Workers’ comp benefit overview
Workers’ compensation benefits are established by state law to:
- Replace wages lost due to a work injury
- Cover medical bills for work-related injuries
State laws determine:
- Whether you’re eligible for workers’ compensation
- Which medical costs are covered, and how much money you’ll receive to replace lost wages
Workers’ compensation benefits are established by state law to replace wages lost due to a work injury and cover medical bills for work-related injuries.
Covering costs of medical treatment
Workers’ compensation benefits generally cover what is medically reasonable and necessary to treat your work injury.
Medical benefits may include:
- Office visits
- Medical tests
- Medical supplies and equipment
- Mileage to doctor appointments
Compensating for lost wages
If you are losing time from work because of your injury, you may be entitled to wage-loss benefits which help cover your wages while you are unable to work. State law dictates how much you receive, and for how long.
Your state’s law also specifies:
- A waiting period — the number of days you must be off work before wage-loss benefits begin
- The minimum and maximum amount of wage-loss benefits you can receive
Specific types of workers’ compensation benefits
Depending on your specific medical and wage-loss situation, you may be eligible for the following types of benefits:
- Temporary total disability (TTD): This is when you are temporarily unable to work at all due to your injury. Workers’ compensation typically reimburses about two-thirds of your pre-injury average weekly wage, and you receive checks at the same interval your employer issues paychecks. These benefits are subject to your state’s waiting period as well as minimum and maximum limits.
- Temporary partial disability (TPD): This is when you are temporarily unable to work at your pre-injury wage. Typically, you receive this benefit when you have not fully recovered, but are able to do some type of work. This could mean working fewer hours than usual, doing light-duty or modified work that fits within your medical restrictions, or both.
In many states, TPD benefits cover half to two-thirds of the difference between the pre-injury wage and the reduced wage. Some states calculate benefits based on a percentage of lost wages, which generally is around one-half to two-thirds. These benefits are subject to your state’s waiting period as well as minimum and maximum limits.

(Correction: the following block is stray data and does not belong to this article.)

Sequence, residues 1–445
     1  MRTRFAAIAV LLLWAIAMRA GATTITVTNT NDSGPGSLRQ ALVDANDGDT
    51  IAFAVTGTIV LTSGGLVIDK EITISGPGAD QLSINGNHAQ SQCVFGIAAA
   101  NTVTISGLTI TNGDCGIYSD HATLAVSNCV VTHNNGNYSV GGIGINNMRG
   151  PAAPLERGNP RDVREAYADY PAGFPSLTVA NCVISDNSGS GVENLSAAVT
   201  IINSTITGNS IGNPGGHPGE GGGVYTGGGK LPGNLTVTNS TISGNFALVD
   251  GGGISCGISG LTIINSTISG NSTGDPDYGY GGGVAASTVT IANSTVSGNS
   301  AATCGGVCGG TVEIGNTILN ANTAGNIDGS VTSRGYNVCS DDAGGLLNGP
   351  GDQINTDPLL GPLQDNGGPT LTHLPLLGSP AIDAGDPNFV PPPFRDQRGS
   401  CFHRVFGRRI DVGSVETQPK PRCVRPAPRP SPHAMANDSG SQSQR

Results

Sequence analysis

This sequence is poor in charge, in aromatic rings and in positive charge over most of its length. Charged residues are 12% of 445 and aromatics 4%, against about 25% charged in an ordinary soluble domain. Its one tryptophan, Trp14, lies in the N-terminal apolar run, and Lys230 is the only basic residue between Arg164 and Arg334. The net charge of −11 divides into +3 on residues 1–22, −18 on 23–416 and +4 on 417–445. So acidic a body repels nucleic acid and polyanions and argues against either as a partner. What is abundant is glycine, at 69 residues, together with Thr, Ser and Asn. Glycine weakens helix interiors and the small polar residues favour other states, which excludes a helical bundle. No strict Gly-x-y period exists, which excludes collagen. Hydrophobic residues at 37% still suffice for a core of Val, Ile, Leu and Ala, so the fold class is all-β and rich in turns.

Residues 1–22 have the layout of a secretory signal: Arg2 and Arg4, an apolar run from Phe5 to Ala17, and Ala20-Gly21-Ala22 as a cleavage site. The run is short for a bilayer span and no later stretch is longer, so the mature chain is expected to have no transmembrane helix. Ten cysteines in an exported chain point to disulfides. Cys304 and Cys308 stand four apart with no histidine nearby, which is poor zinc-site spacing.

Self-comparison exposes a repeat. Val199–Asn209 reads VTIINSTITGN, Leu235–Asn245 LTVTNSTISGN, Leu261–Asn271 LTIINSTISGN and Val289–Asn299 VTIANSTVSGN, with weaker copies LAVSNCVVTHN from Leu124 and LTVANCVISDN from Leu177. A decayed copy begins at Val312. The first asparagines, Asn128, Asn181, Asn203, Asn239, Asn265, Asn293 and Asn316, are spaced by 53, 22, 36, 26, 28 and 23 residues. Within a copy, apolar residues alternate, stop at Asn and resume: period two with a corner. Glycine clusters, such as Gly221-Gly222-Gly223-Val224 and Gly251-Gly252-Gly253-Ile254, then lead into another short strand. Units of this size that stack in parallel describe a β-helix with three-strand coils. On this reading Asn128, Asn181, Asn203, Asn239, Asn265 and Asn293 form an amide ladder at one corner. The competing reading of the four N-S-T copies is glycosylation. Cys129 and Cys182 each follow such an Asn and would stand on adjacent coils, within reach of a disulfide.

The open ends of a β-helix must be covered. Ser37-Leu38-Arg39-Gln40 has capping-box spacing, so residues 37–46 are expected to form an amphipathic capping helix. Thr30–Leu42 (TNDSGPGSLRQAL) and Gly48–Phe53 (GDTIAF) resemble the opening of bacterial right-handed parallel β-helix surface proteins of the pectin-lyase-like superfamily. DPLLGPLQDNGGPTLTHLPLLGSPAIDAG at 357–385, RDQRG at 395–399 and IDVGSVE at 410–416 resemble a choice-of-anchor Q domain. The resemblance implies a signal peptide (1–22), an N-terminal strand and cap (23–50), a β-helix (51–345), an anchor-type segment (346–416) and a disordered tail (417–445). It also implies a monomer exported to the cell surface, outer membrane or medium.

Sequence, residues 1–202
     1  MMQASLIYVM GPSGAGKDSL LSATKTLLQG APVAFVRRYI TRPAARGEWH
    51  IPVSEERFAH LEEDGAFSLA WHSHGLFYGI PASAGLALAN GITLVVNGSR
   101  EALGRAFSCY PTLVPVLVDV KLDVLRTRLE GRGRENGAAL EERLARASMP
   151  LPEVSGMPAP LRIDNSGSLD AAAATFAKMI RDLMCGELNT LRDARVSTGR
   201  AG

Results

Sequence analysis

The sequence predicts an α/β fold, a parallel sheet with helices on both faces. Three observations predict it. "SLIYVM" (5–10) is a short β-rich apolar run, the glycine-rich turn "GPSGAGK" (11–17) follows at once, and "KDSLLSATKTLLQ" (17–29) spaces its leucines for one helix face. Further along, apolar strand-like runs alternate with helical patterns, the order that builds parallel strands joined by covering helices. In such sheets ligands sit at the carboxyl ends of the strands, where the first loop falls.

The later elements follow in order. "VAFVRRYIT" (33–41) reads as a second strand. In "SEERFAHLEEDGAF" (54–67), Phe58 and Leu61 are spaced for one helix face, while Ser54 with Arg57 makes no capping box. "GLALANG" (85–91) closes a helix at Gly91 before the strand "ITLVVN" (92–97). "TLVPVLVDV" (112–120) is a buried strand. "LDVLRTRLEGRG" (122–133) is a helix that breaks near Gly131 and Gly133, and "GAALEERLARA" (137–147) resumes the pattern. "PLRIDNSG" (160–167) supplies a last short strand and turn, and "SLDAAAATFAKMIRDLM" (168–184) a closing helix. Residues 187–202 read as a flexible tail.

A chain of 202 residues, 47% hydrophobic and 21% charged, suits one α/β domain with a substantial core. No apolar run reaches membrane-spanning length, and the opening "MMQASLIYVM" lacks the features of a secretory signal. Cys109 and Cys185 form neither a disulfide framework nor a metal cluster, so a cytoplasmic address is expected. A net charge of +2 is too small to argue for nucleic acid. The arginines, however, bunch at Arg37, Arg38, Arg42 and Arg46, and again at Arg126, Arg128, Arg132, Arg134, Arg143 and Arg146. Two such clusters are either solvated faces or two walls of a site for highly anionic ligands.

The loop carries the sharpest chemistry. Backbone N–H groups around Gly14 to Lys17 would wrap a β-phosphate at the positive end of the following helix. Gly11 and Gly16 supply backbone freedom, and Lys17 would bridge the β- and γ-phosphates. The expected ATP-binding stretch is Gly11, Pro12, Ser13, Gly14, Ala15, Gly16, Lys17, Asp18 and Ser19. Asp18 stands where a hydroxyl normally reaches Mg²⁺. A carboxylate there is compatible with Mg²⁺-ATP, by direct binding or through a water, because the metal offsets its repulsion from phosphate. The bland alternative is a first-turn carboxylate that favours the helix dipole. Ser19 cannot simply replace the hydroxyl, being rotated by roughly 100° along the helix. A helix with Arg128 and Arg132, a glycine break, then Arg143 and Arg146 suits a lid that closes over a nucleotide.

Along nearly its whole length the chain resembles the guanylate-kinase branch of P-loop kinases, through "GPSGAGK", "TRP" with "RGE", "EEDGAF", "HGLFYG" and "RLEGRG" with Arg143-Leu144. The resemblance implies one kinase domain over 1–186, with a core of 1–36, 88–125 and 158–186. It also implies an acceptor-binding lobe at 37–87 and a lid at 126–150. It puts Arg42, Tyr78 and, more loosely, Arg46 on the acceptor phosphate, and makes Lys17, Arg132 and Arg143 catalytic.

- Permanent total disability (PTD): If you are so severely injured that you can never return to work, you may be eligible for permanent total disability benefits. In most states, PTD benefits cover two-thirds of your pre-injury average weekly wage and are paid until presumed retirement age or for the rest of your life, depending on state law. If you receive both PTD benefits and Social Security disability benefits, in some states the two benefit systems may coordinate to determine the total amount to replace your weekly wages.
- Permanent partial disability (PPD): If you have a permanent injury such as the loss of a body part or inability to perform a specific function ever again, you may be eligible for permanent partial disability benefits. Once your doctor determines that no further significant medical recovery is expected, he or she determines a disability rating for your condition. Each disability rating is assigned a specific dollar value set by state law. In states where some disabilities are not assigned dollar values, compensation instead is based on loss of earnings capacity.
PPD is not a wage-replacement benefit, and it typically can only be paid once you have returned to work or a doctor determines you are so severely injured that you can never return to work.
Get more information on benefits in your state
You can also find more information about benefits on your state’s department of labor website:
This information is not intended to be legal advice and may not represent the entire benefits package an injured employee may be entitled to. Please consult your SFM claims representative regarding the specific benefits you may be entitled to, which are dependent on the circumstances and state where the injury occurred.